The test of membership in the New Creation will not be membership in any earthly organization, but union with the Lord as a member of his mystical body; as saith the Apostle, "If any man be in Christ, he is a New Creature: old things are passed away; behold, all things are become new." (2 Cor. 5:17) In order to be counted a member of the body of Christ at all, it is necessary that the old things, or earthly things—ambitions, hopes, prides, vanities and follies—shall have passed from the will, even though to some extent they may harass us because in a measure attractive to our flesh. It is the new mind that the Lord recognizes as the "New Creature"; it is the progress and development of the new mind that he is interested in and promises to reward.
In order to abide in Christ, the Scriptures clearly show us that more than the mere making of a consecration is necessary. Consecration opens the door and gives us the standing, gives us the relationship, gives us the backing and encouragement of the divine promises, and puts us in the way, therefore, to cultivate the various fruits of the Spirit, and finally to attain joint-heirship with our Lord in the heavenly glory. But to maintain this standing in the body of Christ now requires that fruits shall be produced, evidences of love and devotion, even as the Master expressed in the parable of the vine, saying, "Every branch in me that beareth not fruit he taketh away: and every branch that beareth fruit, he purgeth [pruneth] it, that it may bring forth more fruit." (John 15:2) To have been accepted of the [F79] Lord as a New Creature in Christ Jesus some years in the past would seem, therefore, to imply a more or less regular growth in grace and knowledge and the fruits of the Spirit; otherwise our relationship to him would be forfeited and another would take our place amongst the elect, and the crown originally counted and set apart for us would pass to another more appreciative of the privileges, more zealous to attain to the glorious things which God hath promised to them that love him, and more willing, therefore, to count all earthly things but loss and dross that they may win Christ—win a place in the anointed company. Not only is this standing in Christ illustrated by such a growth in the fruits of the Spirit, but, as the Apostle Peter says, "If ye do these things ye shall never fall; for so an entrance shall be ministered unto you abundantly into the everlasting kingdom of our Lord and Savior Jesus Christ." (2 Pet. 1:10,11) However, this means, as expressed by the Apostle Paul, that the new mind, the "New Creature," is to be so thoroughly conformed to the will of God that he will daily seek to "put off the old man with his affections and desires." For the New Creation is figuratively represented as a new man—Christ the Head, the Church the members of the body—which is to edify or build up itself and come, figuratively, to the full stature of a man in Christ Jesus, every member being completed and fully developed—completed not in our own strength, in the flesh, but complete in him who is our living Head, his righteousness compensating for our unintentional blemishes.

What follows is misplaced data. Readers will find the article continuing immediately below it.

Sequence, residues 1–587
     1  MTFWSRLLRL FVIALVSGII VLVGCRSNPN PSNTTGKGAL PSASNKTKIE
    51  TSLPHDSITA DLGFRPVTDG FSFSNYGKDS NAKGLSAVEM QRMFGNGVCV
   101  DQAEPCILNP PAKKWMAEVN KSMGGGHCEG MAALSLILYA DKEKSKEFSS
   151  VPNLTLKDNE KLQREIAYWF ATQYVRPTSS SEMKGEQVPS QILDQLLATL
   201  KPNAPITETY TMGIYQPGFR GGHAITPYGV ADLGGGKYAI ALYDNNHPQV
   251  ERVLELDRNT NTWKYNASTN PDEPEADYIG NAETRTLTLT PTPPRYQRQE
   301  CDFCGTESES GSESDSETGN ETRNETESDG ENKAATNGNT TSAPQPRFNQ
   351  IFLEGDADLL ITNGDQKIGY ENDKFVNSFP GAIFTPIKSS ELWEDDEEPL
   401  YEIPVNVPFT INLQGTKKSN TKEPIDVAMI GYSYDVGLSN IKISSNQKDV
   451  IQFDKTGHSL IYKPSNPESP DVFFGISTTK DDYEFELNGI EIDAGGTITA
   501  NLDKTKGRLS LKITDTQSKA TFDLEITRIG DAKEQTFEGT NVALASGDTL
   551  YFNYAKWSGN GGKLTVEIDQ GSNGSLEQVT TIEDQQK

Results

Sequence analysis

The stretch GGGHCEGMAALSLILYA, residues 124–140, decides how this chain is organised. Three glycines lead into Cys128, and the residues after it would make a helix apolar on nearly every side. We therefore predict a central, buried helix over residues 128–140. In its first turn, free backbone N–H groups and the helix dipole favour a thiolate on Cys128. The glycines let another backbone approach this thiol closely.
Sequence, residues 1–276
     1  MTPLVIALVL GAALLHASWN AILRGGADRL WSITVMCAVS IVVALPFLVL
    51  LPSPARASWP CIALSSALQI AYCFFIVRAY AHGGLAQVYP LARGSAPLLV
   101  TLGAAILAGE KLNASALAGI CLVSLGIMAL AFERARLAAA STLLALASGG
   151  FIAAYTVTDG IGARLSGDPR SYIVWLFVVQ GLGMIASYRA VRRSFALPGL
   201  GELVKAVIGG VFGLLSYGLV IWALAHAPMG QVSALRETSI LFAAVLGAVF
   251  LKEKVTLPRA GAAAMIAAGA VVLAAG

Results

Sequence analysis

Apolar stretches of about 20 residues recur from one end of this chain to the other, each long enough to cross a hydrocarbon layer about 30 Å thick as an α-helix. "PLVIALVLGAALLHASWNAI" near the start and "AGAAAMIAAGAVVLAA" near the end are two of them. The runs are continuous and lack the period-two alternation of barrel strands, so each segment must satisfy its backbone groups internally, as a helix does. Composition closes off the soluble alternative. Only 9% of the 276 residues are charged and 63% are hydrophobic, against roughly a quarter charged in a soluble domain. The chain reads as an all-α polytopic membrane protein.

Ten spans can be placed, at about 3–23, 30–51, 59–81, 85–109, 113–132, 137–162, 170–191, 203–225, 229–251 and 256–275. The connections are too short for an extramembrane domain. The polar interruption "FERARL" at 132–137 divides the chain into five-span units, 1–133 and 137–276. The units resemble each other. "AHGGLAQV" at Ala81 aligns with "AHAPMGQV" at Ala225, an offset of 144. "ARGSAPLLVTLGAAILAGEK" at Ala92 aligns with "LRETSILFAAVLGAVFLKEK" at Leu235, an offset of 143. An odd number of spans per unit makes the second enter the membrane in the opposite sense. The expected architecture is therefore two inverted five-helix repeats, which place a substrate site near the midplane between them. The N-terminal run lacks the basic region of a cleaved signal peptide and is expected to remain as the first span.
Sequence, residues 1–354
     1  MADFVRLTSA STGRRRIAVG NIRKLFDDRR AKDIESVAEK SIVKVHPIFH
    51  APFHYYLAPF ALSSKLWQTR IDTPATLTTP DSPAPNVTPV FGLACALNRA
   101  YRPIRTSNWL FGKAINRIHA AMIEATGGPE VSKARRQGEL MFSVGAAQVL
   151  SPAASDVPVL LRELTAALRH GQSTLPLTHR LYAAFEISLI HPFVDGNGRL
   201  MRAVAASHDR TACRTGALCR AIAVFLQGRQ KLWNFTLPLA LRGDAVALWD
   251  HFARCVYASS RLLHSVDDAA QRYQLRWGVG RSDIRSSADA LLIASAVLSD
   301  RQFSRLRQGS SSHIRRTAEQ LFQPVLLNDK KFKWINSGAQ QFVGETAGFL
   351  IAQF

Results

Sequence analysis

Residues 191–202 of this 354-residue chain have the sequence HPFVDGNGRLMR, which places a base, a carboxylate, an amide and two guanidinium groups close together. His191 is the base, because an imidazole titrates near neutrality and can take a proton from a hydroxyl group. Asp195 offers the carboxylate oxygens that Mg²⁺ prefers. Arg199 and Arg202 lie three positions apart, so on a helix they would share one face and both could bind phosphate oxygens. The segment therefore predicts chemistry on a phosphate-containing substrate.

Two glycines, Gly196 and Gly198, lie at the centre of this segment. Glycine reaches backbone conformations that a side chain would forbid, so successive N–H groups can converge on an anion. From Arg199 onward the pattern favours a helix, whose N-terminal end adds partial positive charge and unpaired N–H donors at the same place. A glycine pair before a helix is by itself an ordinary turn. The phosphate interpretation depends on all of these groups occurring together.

Humanity judges of its affairs by its five senses—sight, hearing, touch, smell and taste—all of which the New Creatures may freely use so long as they have the new mind in the earthen vessel. But these are not sufficient for the New Creation, which needs other senses whereby to apprehend spiritual things that can neither be seen, felt, tasted, heard, nor smelled by the human organism. And this lack the Lord has supplied through the holy Spirit, as the Apostle explains: "The natural man receiveth not the things of the Spirit of God,...neither can he know them, because they [F80] are spiritually discerned." "Eye hath not seen, nor ear heard, neither have entered into the heart of man [by any other sense or power of perception] the things which God hath in reservation for those who love him—but God hath revealed them unto us [the "New Creation"] by his Spirit; for the Spirit searcheth [out] all things, yea the deep things of God." 1 Cor. 2:9,10,14
This spiritual sense may be called the sixth sense of those begotten to the New Creation; or they may be considered as having a complete set of spiritual senses—five additional senses corresponding to their earthly senses. Gradually "the eyes of their understanding" open wider and wider to the things not seen by the natural eye; by degrees the hearing of faith increases until every good promise of the Divine Word is forceful and meaningful; in time they come into touch with the Lord and his invisible powers; little by little they taste that the Lord is very gracious; after a time they come to appreciate those sacrifices and incense-prayers which are of sweet odor to the Lord. But as the natural senses can be cultivated, so can the spiritual; and the cultivation of these spiritual senses (or, at least, the endeavors to cultivate them) constitute marks indicating our growth in grace—our development as embryo New Creatures for the resurrection birth—to the completeness of our new selves in the glory, honor and immortality of the divine nature.